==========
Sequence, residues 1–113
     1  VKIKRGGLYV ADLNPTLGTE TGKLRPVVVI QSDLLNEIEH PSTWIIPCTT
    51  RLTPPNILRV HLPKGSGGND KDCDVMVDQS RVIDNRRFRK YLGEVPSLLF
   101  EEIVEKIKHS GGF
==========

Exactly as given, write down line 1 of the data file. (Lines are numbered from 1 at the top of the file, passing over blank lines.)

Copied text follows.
Sequence, residues 1–113